Glenn Gould in Concert

The tragedy of Glenn Gould as concert pianist is seldom discussed. He faced crippling performance anxieties he could not overcome, and abandoned his flourishing career in his early thirties. He then commenced to become even more famous in his subsequent life as a combination recording artist, CBC arts producer, music journalist, and general Toronto eccentric.

Here we have the Glenn Gould most of us never knew, the concert artist, in some five hours of previously unreleased recordings. All of this material is unedited, taken from radio broadcasts or private
recordings: it is raw Gould, so to say, with the occasional smudges and wrong notes common to all pianists, from an artist who in later life insisted on zealous control of his work, in his bid for edited perfection. The performances are from Canada, the USA, Russia, Austria, and Sweden. Gould biographer Kevin Bazzana has supplied lengthy biographical notes, in extremely small print. The release itself is Canadian/German and cryptic, except for a clear warning
label: “Not available in the USA.”

A 1958 Vancouver Festival performance of — guess what? — Bach’s Goldberg Variations opens this boxed set. The Aria dances with tremendous musicality and contrapuntal verve. It feels more elastic and personal than the famous Columbia debut release of 1955.
Variations 29 and 30 are electric and wild, and played interwoven as one.

There’s a wonderful performance of the Beethoven Second Piano Concerto with Paul Paray and the Detroit Symphony, with an aching slow movement. We tend to put Gould in a cerebral, clinical camp of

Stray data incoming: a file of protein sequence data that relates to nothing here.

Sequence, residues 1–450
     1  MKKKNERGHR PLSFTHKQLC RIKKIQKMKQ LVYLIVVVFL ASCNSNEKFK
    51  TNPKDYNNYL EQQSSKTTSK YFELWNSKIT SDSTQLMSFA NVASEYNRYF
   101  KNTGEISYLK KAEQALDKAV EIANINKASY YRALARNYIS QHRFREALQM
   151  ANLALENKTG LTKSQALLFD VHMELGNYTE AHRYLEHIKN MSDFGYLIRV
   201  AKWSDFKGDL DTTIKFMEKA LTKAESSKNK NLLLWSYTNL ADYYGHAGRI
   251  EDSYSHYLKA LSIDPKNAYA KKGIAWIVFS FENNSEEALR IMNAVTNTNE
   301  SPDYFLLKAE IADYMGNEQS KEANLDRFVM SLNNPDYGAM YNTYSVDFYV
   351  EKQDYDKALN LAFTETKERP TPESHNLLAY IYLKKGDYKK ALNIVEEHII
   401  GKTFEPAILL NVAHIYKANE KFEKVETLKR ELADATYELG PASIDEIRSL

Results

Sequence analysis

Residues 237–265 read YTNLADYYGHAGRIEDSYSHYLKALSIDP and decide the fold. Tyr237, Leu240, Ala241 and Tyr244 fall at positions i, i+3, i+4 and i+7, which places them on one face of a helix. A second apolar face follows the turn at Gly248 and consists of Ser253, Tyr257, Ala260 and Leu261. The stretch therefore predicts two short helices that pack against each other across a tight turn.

pianism: not here.

With the same conductor and orchestra — on the same night, no less!
— Gould then teamed up with the DSO’s concertmaster Mischa Mischakoff and principal flutist Albert Tipton for a splendid, warm performance of the Fifth Brandenburg Concerto. Gould’s long solo cadenza, written by Bach, is muscular and songful.

Other treasures abound, including a gentle reading of Beethoven’s Sonata Op. 109 from a Vienna recital, Schoenberg’s intimate, spiky Piano Concerto with the Cleveland Orchestra, and some gorgeous Beethoven chamber music from the Stratford Festival.

There’s an oddly dreary Gould performance of the Brahms First
Concerto — with a fine Winnipeg SO led by Victor Feldbrill — that then roars to life for our hero in the finale.

Swedish mezzo-soprano Kerstin Meyer joined him for Schoenberg’s song cycle “Book of the Hanging Gardens” at the 1960 Vancouver Festival. She tells us in the notes that Gould was a superb and deferential accompanist, who followed her “like a shadow.”

Sound quality throughout these CDs is so-so, yet very present and alive. Engineer Albert Frantz did the digital restorations: you know right away these are dated performances, but you also feel like a time-traveller, sitting in a good seat at each concert venue.

It is sad to recall that this brilliant young Toronto pianist of the 1950s could still be concertizing today, had he lived, and had he continued a normal path. Gould would turn 80 next year. He was a contemporary of Paul Badura-Skoda, Alfred Brendel and Martha Argerich. But something went wrong, and Gould’s retreat into the recording studio brought a more mannered musical trajectory that still confounds many.

Strongly recommended! Order online from ($52.99).